Yuniar Fatmasari(1*)

(1) Peradaban University
(*) Corresponding Author


This study reveals the ideological strategies the dominant takes to exploit Black enslaved women’s womb experienced by the characters in Toni Morrison’s Beloved as well as their resistance. Written in 1987, the novel is set eight years after the end of the Civil War in time painful experiences during slavery era are still there in the mind of ex-enslaved Black women and men. The novel narrates the past through personal life experiences presented by Sethe and Baby Suggs. During slavery era, their bodies are not merely used to work in the plantation area but since they are women, their wombs are valuable commodity providing advantages and profit to the masters. To make it possible, the dominant function ideological strategies to control the Black enslaved women’s wombs. Therefore, this study tries to explore how the ideological strategies are practiced in the novel. According to Collins, creating negative images such as mammy, breeder woman, and jezebel addresses to the bodies of Black enslaved women belongs to ideological strategy which is more powerful compared to the economic and politic strategy. Each image covers dominant interest to control Black women’s womb under new-progressive capitalism in United States. The result of the study shows that those three images works effectively to control the Black enslaved women, even nowadays, those images are still there in the body of young generation of Black women and provide another form of womb’s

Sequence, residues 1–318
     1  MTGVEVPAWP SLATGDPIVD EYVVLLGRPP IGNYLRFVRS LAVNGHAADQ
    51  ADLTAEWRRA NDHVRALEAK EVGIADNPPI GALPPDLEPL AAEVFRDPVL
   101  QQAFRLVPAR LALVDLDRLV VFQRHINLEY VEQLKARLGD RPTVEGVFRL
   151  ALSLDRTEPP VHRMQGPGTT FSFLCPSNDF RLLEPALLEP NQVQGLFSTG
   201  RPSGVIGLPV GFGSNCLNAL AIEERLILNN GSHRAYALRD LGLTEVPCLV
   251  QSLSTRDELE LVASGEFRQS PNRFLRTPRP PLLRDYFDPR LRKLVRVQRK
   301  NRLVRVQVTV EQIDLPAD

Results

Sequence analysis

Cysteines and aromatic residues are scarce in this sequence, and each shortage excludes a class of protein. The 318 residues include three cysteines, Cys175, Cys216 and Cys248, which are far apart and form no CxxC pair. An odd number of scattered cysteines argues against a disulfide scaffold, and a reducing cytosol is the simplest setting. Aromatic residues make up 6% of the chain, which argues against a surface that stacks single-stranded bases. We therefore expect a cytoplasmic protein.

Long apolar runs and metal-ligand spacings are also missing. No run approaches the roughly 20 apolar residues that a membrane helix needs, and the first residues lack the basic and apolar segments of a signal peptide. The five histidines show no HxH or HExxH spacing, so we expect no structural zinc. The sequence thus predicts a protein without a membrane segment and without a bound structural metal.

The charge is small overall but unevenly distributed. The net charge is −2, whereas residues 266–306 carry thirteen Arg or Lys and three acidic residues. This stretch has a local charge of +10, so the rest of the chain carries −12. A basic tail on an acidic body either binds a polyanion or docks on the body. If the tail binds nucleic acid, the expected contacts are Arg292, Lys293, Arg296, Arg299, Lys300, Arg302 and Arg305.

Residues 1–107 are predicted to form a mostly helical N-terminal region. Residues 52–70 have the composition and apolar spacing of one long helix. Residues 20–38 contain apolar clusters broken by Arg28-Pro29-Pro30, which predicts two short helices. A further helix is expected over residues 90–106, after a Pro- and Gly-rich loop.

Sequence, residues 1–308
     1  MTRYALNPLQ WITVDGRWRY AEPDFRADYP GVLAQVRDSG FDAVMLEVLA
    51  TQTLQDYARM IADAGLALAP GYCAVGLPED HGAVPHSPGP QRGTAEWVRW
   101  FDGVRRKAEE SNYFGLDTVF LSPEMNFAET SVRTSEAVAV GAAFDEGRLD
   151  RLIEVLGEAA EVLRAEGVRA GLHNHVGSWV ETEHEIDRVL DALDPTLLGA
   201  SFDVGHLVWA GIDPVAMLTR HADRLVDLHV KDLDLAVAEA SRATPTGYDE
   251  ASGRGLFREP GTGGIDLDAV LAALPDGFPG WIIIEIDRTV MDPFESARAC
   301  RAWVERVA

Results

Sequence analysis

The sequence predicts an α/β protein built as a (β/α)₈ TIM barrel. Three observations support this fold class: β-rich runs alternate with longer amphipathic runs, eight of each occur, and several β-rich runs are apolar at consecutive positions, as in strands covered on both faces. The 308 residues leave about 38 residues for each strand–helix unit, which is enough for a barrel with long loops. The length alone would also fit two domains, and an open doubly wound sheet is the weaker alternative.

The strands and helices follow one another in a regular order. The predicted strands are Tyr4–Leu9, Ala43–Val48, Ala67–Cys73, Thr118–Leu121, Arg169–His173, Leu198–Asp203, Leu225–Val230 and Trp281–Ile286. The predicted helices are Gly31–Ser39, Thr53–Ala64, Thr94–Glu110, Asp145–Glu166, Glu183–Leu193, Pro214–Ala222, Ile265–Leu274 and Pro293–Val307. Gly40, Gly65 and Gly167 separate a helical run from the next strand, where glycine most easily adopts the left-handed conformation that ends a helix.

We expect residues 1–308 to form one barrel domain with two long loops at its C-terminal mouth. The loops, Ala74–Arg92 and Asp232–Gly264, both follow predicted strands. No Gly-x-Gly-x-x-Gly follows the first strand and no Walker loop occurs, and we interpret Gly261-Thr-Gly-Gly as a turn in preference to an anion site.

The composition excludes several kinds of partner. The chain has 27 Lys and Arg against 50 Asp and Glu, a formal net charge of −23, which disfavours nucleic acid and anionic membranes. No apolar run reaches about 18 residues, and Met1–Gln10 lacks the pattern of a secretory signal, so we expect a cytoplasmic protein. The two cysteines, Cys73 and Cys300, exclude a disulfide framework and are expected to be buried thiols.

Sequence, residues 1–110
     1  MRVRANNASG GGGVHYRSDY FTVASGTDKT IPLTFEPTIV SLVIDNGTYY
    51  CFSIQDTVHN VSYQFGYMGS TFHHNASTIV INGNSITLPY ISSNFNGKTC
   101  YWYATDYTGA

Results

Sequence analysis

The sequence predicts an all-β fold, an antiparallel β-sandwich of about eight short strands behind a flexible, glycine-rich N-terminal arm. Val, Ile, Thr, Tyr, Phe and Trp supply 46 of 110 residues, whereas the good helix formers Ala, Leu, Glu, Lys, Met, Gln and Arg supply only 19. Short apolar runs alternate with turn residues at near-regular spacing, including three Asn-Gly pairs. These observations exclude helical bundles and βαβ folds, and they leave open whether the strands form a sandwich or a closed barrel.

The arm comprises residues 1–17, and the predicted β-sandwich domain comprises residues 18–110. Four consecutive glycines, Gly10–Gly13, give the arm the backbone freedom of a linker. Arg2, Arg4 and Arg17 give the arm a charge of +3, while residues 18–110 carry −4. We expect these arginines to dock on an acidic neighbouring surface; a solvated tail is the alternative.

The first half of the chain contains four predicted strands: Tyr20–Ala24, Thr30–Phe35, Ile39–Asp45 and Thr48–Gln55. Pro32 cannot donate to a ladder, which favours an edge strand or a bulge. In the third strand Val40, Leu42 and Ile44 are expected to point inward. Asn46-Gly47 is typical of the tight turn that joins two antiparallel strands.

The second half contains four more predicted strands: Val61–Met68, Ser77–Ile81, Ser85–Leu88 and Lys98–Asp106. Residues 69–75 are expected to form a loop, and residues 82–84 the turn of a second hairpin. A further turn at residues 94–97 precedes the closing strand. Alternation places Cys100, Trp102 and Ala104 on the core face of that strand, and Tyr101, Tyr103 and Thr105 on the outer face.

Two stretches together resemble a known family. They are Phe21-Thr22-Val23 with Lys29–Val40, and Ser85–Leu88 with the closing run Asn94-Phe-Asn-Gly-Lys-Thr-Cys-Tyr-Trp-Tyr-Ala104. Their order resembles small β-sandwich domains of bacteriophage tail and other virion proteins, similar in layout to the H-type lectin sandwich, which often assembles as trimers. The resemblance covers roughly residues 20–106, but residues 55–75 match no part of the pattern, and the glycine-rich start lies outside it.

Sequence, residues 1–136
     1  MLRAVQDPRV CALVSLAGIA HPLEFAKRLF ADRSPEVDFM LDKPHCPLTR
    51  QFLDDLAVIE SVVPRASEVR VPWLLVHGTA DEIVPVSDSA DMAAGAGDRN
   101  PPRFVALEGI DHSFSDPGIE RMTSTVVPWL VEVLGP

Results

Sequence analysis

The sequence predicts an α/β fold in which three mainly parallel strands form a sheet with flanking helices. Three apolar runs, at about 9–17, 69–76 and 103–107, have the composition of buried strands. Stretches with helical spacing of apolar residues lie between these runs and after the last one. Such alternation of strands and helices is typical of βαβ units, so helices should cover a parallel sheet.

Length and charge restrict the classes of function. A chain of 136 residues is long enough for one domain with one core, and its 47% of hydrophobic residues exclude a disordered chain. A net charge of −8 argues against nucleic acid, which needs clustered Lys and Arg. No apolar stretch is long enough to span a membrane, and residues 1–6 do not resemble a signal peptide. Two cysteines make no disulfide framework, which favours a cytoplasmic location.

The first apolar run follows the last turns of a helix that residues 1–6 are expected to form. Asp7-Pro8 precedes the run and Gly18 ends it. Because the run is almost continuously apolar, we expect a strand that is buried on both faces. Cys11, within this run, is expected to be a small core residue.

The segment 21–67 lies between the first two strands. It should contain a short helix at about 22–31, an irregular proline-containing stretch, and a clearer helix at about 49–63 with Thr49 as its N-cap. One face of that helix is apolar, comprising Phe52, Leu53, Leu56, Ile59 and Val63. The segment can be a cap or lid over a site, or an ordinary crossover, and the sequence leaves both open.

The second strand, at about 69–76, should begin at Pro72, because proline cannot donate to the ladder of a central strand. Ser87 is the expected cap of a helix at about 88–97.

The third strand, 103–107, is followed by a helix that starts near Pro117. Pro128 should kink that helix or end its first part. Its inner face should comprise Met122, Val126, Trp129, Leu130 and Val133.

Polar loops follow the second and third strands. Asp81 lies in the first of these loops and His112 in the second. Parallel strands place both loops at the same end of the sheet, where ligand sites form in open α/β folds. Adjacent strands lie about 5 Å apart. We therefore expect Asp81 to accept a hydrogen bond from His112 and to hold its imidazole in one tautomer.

control. However, the study as well finds out that the resistance toward the oppression is also varied. Self-definition is presumed to be a fundamental element to the journey of internalized oppression to the ‘free mind’ which eventually leads to the action of resistance. With this self-definition, Black
women begin to deny the existed negative images controlling their wombs.


image, womb control, mammy, breeder woman, jezebel, self-definition

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DOI: https://doi.org/10.22146/poetika.v4i1.13312

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